Monday, November 16, 2009

Final Thoughts

Sea Monster already wrote an entry on Springer Mountain, so there's no real reason that I should as well, except that I feel like expounding a little bit on what the trail has meant to me. So this isn't a Springer entry, its just a trail entry generally.

Over the course of these last 165 days, the trail has had a lot of different effects on me. There was the initial, total elation: the inability not to smile when looking around, knowing I was on a cool adventure and further knowing that there was literally nowhere I'd rather be. I would burst into spontaneous singing, I'd run sections of the trail just because it seemed like it would be fun. But predictably, my passionate flame for such an outdoorsy lifestyle eventually cooled to a more temperate enjoyment. I'd still have moments where I was overcome by a view, or the fresh smells, or whatever... but I also got used to the reality that I was walking for 8 or 10 hours a day, and got really good at zoning out and daydreaming through the boring parts. The trail and I had our fights: there were certainly days where I felt like leaving altogether, days where the intensely close companionship with Sea Monster or the multiple days in a row of wetness or simply missing the companionship of my friends made me miserable. I specifically remember a period of about 3 days in northern New Hampshire where I was really considering quitting halfway, at Katahdin.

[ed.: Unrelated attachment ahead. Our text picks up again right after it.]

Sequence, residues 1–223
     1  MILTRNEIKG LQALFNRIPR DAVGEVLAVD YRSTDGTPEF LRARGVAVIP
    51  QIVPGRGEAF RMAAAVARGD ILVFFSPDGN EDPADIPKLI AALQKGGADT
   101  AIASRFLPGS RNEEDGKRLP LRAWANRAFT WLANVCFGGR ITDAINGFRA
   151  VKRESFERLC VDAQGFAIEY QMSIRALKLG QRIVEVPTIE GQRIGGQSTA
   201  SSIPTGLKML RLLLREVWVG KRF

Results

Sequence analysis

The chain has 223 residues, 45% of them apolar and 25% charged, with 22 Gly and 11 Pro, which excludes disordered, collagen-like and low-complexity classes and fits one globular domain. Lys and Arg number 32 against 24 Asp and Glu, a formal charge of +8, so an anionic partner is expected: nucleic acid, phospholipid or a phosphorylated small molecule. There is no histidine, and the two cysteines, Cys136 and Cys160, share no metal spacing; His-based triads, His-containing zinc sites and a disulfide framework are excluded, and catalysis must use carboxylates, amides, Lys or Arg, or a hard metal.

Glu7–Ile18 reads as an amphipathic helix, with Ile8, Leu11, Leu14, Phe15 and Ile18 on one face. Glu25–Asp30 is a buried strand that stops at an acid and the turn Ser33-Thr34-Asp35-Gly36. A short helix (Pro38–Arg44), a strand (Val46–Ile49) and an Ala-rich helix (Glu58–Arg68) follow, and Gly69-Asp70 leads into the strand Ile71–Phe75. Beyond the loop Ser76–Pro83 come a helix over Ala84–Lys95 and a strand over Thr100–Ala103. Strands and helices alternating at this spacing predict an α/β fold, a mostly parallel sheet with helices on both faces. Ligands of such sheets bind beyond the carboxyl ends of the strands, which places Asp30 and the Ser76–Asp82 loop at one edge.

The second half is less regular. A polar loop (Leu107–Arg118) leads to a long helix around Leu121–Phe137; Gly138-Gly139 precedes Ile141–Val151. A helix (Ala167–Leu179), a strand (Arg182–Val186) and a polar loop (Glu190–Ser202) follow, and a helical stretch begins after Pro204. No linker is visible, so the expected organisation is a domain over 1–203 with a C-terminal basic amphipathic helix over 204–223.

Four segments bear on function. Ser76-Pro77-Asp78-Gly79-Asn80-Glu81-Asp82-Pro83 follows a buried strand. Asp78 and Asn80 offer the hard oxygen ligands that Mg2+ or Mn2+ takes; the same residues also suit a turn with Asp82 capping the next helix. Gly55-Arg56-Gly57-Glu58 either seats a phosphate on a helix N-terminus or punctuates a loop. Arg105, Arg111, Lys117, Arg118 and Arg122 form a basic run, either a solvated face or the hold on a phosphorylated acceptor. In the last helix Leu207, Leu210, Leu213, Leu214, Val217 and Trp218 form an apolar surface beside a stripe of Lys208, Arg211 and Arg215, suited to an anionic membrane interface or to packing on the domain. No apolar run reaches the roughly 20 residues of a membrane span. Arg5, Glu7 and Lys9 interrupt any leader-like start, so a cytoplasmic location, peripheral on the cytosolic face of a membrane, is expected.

But fortunately I treated it as what it was - a spat, not a complete falling out. Maine was, in my opinion, the most beautiful and rewarding part of the trail. It was remote, and beautiful, and contemplative. The stars were unbelievable, the lakes were crystal clear (if somewhat leech infested, haha). And I fell in love again, and it was (if you'll excuse the cheesiness) a much deeper, less emotional, but more serious sort of love. We soon were hiking through super-long (and sometimes monotonous) Virginia. Here too, there were times that I was sure that as the summit date grew nearer I'd be nothing but thrilled to get home to material comforts and the people I love. But as it did get nearer, my emotional responses were not nearly so clear. When the end was still a full month away, I already found myself growing nostalgic. By the end, while I was (of course) very happy to come home, I also really missed the trail that I hadn't even left yet!